“Unprecedented" being one of the most exhaustingly overused words in the English language, it would be something of an understatement to say that I treated with scepticism the claim that the makers of The Force (started 13 October, 9pm, Channel 4) had gained "unprecedented access" to Hampshire Constabulary. What police force in its right mind would enable such access? And even if it did, wouldn't that be tricky from a legal point of view?
So, although I knew that the series had been directed by Patrick Forbes, the genius responsible for the BBC's sublime documentaries about English Heritage, I had pretty much convinced myself that I was in for a réalité version of Crimewatch, all boring coppers talking in boring voices about "disgusting crimes" and "terrible tragedies" - the only difference being that, rather than having to suck in their bellies for the benefit of Kirsty Young, these detectives would demolish Kit Kats, and other vending machine delights, with slobbish abandon.
But I was wrong, and not only about the slobbishness (our hero, DCI Jason Hogg, looks about 12 and has a degree in theology from Oxford; he probably prefers yoghurt to saturated fats). The Force is compelling television, the kind that you watch with a queasy feeling, and all your fingers crossed. It has been carefully made, over a period of several years, and beautifully edited, and it tells you a great deal more about 21st-century Britain than anything in Ian Rankin.
Murder, it turns out, is just as horrifying as the crime writers would have it, but it is also more banal. It happens in bedsits and flats and suburban houses, on ordinary spring afternoons, with the traffic going by and the television blaring out on the other side of a party wall, and often for no greater or more exciting reason than that one human being has annoyed another. As for the clean-up, murderers must be practical, and there is something almost comical in the way they set about disposing of evidence. You'd laugh out loud if it weren't that someone's mother, or sister, or daughter is in the suitcase they must now drag uneasily behind them.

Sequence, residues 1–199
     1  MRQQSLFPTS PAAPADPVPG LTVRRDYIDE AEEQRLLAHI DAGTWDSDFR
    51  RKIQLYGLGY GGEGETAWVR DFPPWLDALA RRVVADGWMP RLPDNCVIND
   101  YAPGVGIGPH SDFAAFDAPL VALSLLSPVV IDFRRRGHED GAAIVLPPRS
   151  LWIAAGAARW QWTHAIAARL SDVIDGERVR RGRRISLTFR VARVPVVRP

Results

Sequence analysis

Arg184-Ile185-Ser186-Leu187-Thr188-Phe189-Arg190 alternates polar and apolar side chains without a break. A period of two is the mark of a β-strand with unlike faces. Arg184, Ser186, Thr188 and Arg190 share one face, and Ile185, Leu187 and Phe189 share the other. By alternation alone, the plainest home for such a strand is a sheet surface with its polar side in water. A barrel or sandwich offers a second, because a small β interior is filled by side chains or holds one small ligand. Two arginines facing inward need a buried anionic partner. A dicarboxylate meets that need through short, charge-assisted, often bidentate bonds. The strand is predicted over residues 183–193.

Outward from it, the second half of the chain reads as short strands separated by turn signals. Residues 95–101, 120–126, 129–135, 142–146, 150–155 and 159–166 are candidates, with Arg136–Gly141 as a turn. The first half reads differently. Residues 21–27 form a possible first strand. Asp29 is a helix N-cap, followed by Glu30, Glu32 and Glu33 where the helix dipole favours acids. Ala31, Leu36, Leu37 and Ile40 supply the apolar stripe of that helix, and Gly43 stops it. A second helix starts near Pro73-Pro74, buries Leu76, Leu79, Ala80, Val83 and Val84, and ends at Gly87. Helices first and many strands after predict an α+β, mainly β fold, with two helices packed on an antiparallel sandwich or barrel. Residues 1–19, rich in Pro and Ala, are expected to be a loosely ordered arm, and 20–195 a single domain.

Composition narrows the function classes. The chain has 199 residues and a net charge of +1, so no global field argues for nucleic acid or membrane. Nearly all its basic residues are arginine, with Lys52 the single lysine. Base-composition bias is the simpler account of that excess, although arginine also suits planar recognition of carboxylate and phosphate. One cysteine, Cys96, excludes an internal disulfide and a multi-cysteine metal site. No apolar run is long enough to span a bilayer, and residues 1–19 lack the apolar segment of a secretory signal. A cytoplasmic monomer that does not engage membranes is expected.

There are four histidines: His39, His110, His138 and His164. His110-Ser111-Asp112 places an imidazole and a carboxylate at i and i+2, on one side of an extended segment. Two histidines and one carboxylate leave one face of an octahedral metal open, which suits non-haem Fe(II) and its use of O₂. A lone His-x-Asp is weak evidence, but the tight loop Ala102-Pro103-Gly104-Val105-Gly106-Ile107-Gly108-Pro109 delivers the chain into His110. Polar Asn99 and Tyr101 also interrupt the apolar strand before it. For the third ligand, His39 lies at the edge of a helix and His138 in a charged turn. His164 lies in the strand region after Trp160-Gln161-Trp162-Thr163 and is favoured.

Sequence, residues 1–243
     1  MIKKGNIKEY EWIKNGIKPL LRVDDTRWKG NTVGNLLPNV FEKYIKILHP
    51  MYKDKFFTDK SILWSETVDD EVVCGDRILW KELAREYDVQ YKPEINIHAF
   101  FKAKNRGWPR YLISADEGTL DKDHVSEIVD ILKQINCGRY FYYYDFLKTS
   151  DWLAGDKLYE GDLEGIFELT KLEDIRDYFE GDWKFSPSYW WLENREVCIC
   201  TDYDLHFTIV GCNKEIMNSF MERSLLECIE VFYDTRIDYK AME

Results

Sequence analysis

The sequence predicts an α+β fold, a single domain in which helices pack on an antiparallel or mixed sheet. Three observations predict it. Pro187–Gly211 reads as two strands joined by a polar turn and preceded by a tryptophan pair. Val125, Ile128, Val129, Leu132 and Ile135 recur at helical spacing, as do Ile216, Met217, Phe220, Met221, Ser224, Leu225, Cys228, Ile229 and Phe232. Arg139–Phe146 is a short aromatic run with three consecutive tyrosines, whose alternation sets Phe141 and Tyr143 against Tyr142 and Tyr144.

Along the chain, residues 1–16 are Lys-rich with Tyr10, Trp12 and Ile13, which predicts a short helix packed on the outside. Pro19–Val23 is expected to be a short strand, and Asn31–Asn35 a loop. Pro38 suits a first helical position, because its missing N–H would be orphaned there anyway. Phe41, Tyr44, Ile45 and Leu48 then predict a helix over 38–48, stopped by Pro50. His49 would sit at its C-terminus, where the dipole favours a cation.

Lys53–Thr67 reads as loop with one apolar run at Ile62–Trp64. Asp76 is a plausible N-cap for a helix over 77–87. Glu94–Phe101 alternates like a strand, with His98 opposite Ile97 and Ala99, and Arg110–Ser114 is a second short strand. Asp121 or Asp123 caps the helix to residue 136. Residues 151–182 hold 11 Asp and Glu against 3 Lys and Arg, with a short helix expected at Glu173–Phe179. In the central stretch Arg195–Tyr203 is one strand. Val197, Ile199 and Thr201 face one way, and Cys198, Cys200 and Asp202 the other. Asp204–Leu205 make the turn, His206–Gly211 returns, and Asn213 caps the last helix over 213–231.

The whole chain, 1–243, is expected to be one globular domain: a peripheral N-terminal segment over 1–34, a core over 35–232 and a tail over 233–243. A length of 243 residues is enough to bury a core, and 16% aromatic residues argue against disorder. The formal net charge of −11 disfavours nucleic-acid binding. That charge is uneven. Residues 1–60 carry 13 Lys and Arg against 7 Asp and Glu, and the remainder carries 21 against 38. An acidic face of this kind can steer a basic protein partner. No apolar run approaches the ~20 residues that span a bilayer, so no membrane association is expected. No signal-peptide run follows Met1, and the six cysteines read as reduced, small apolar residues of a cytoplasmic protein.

In the first film, a charred body was found in a suitcase by a rural footpath. I don't have space to describe precisely how detectives deduced that the body belonged to Sylwia Sobczak, a 26-year-old Polish woman who worked at a London hotel, and that the man who disposed of it was her colleague and sometime lover, 27-year-old Ziaul Haque. It was complicated. Who knew that a sample taken from a blackened corpse can prove whether the petrol that made it so was from BP, or Total? But in any case, it was only after we had names and faces that the film really began to work on me. By now, I understood that Haque was guilty; if he'd been innocent, we would not be seeing his face like this.
Yet somehow this didn't matter. There was high drama, and deep pathos, in the smaller mysteries that radiated from the centre of the story like spokes on a wheel. Where had this nervous, nondescript man, whose interviews under caution we heard, but did not see, been living for the past two months? Was it where Sylwia had died? Why had he killed her? On and on the police went, chipping away at his stories, his bank accounts and his mobile-phone records until, finally, they pitched up at a two-bedroomed high rise in Hackney, in the East End.
The place had been converted into three tiny bedsits, a pathetic detail that clutched at the heart far more violently than the sight of incident tape and a white tent in the corner of a field. Nevertheless, bedsits or no bedsits, the block had CCTV, and so it was that we saw Haque entering the building with a large suitcase that he was able to carry with only one hand, and then, a little later, leaving it, the suitcase now so heavy that he could barely pull it from the lift. I watched this, mouth open, scalp prickling with horror. It was an image more indelible than anything the television dramatists could have come up with. A woman-hater lugging a suitcase to a Vauxhall Cavalier. How mundane, and yet how hateful.